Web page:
The 11 Worst Lemons In Automotive History
In automotive terms, a lemon is a car that breaks down frequently and is in constant need of expensive repairs. There have been plenty of lemons manufactured over the years. In fact, automotive companies are as likely to roll a dud off the assembly line as a solid, reliable vehicle. The history of the automobile is littered with some real stinkers. Many of them are now infamous and forever burned in the collective memories of the public. Here are 11 of the worst lemons ever manufactured.
11. Chrysler K-Car
The Chrysler Corporation made a real doozy with the K-Car – specifically the Plymouth Reliant and Dodge Aries. These cars became synonymous with the term “cheap” and helped cement Chrysler’s reputation in the 1980s for making junky cars.
Conceived of by then-Chrysler head honcho Lee Iacocca as a way to mass market a cheap car that would appeal to John Q. Public and help revive the fortunes of the then floundering Chrysler Corp., the K-cars did succeed in this goal – selling more than one million units of each model in the first year of production. Motor Trend magazine even named the K-car its “Car of the Year” in 1981.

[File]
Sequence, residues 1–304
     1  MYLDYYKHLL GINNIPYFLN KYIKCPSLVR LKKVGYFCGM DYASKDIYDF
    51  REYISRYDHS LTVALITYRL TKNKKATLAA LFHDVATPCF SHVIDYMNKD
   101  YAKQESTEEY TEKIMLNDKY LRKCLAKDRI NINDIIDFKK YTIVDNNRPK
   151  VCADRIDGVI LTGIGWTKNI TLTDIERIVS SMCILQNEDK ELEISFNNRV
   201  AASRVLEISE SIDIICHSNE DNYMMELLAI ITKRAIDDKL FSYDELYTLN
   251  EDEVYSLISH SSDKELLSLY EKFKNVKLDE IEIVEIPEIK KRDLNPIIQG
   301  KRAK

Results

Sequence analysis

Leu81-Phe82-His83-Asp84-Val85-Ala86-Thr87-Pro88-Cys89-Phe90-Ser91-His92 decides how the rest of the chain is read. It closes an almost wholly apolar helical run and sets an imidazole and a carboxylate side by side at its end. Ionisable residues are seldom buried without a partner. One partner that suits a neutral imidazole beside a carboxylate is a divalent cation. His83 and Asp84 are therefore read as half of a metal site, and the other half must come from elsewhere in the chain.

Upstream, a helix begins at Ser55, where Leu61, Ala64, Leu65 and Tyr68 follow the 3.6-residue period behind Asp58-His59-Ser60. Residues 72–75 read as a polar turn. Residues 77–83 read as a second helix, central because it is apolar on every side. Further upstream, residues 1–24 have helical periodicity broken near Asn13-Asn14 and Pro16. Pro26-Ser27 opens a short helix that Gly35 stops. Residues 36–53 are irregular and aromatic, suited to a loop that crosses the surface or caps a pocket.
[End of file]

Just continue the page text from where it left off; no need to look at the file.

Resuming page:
Still, the K-Car was nicknamed the “Poor Man’s Car” and gained a reputation for having a raft of problems – from knobs that literally fell off to faulty transmissions and quickly rusted out bodies. A cheap car made cheaply, the K-car has since become part of 1980s nostalgia and automotive folklore – for all the wrong reasons.